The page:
Connally Goes From Auction to TV Thrift Commercials
HOUSTON (AP) _ Former Gov. John Connally, who last month auctioned off the possessions of a lifetime to put a dent in his multimillion-dollar debt, is now urging Texans to save in a series of advertisements for a savings and loan.
″We wanted ‘savings stories’ to be told by famous Texans who have faced some kind of adversity and yet are more committed than ever to Texas and to building a bright future here,″ said Dick Smith, executive vice president and creative director for the advertising agency handling the television commercials and full-page newspaper advertisements.
Connally, 70, appears alone in the 30-second TV spot, in which he looks into the camera and speaks of the life he built with his wife:
″Nellie and I worked hard all our lives to make sure our future would be financially secure.
″Well, the future is here and things haven’t quite worked out like we’d planned. But that’s all right, because there’s no better place than Texas to start over and to save a little something - because you never know what the future might bring.″
Dia Blair, account executive for Taylor, Brown & Barnhill, who is handling the $3 million campaign for University Savings Association, declined to say how much Connally was paid for the ads.
Connally and his wife, Nellie, last week completed a four-day auction of hundreds of possessions, many of them collected during his years as governor of Texas from 1963 to 1969, Navy secretary under President Kennedy and Treasury secretary under President Nixon.
The sale fetched nearly $2.7 million. Connally, who filed for bankruptcy protection in July, owes $41 million to $128 million in unsecured debts.
He at first declined to do the commercials, but agreed after meeting with advertising agents of University Savings Association. Ms. Blair said that once Connelly read the script, he ″pretty much considered it a public service announcement.″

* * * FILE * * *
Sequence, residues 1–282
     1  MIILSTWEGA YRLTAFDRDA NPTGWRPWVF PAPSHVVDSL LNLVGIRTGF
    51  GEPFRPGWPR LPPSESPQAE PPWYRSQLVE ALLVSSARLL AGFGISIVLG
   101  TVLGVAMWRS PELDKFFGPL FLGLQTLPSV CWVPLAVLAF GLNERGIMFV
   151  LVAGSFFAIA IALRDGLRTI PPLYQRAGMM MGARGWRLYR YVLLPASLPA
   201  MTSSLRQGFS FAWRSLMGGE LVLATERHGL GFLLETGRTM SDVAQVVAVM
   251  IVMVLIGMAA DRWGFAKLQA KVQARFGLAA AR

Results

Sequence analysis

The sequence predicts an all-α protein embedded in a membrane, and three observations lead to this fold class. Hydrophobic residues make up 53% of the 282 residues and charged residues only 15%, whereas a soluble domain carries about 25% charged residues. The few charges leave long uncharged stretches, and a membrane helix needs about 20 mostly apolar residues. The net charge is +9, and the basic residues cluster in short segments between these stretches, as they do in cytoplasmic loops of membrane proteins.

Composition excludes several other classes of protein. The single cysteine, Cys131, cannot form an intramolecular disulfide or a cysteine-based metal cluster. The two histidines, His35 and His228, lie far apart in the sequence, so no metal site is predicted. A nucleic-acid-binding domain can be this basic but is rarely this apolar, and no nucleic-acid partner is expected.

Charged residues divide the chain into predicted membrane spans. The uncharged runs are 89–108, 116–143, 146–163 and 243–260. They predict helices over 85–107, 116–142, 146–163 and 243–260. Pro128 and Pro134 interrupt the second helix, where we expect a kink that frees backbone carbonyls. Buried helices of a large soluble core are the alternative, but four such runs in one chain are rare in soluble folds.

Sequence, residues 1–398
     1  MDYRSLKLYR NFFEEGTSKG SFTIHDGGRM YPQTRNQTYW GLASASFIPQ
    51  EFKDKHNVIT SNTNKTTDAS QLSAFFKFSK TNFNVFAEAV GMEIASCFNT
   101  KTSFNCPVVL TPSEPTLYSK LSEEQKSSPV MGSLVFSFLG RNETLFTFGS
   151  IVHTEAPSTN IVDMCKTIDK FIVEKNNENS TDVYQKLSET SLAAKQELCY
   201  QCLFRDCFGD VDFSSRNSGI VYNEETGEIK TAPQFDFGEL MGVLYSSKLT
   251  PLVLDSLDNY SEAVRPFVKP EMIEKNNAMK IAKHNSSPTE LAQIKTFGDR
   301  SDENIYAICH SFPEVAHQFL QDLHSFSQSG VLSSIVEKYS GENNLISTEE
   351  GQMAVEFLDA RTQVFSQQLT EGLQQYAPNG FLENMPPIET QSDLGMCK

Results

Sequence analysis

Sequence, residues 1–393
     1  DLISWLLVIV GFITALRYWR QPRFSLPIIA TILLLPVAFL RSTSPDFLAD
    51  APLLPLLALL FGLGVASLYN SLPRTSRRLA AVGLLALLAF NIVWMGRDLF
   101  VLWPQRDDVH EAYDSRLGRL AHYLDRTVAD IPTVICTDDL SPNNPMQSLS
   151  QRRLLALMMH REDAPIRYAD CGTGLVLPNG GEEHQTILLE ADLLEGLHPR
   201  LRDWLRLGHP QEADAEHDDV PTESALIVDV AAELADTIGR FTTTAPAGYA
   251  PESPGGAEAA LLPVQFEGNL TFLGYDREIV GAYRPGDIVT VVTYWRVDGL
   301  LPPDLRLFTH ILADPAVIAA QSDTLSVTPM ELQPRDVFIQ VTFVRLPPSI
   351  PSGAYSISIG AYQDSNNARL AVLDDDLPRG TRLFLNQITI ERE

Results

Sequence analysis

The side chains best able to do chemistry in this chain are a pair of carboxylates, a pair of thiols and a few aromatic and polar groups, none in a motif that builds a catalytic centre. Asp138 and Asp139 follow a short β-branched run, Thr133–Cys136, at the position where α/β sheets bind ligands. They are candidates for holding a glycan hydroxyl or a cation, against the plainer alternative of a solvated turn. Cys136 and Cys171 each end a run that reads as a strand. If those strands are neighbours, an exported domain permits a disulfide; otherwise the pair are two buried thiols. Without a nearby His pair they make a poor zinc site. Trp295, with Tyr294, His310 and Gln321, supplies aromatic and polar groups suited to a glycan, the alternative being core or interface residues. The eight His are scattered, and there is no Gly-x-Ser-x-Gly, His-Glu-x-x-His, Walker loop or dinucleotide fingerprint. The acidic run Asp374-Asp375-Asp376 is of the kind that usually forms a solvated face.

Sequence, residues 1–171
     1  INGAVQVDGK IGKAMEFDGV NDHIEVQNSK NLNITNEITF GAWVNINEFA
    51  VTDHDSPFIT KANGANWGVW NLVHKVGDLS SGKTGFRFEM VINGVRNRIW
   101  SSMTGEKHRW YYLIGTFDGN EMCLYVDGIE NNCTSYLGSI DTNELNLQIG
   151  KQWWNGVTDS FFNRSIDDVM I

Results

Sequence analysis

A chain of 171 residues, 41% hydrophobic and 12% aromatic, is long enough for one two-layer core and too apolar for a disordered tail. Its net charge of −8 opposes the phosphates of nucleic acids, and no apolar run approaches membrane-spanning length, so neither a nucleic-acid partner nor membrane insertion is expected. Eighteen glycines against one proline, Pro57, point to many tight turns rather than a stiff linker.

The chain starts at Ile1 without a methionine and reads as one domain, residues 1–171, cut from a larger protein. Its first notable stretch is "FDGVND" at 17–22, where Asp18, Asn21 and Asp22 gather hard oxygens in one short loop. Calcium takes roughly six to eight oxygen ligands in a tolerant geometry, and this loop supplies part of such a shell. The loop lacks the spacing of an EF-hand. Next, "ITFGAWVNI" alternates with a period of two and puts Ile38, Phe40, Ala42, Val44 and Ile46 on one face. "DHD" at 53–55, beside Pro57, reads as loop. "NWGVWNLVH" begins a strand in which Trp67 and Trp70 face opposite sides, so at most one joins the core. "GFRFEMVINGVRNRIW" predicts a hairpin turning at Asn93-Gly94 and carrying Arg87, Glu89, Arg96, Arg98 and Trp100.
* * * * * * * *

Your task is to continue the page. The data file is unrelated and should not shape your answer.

The commercial is part of a capaign that began during Sunday’s Super Bowl. Other ads feature former Houston Oilers Coach Bum Phillips and Houston restaurateur Ninfa Laurenzo.
The TV spots will appear throughout the year in Houston, Dallas, San Antonio and Austin, along with magazine and full-page newspaper advertisements.
″The message we wanted to get across is two-fold,″ said Doug Valdetero, executive vice president and chief savings officer for University Savings, the state’s fourth-largest thrift with 90 branches. ″One is the importance of saving your money and getting back to basics and putting a little aside for a rainy day or the future.
″Second is there’s been a lot of misfortunes in Texas with the oil and financial industry, but we’ve got a can-do attitude that we can start over.″
Remembered best for being wounded by the gunfire that killed Kennedy in 1963, Connally and his partner, former Texas Lt. Gov. Ben Barnes, started their real estate and development ventures at the peak of the oil boom.
When the boom went bust, it took Connally, Barnes and others in tow. Barnes also has filed for bankruptcy protection.
Under bankruptcy laws, Connally is selling all properties except his house and 200 of the 3,400 acres at Picosa Ranch, his homestead in Floresville south of San Antonio. The law allows him to keep $30,000 in personal possessions.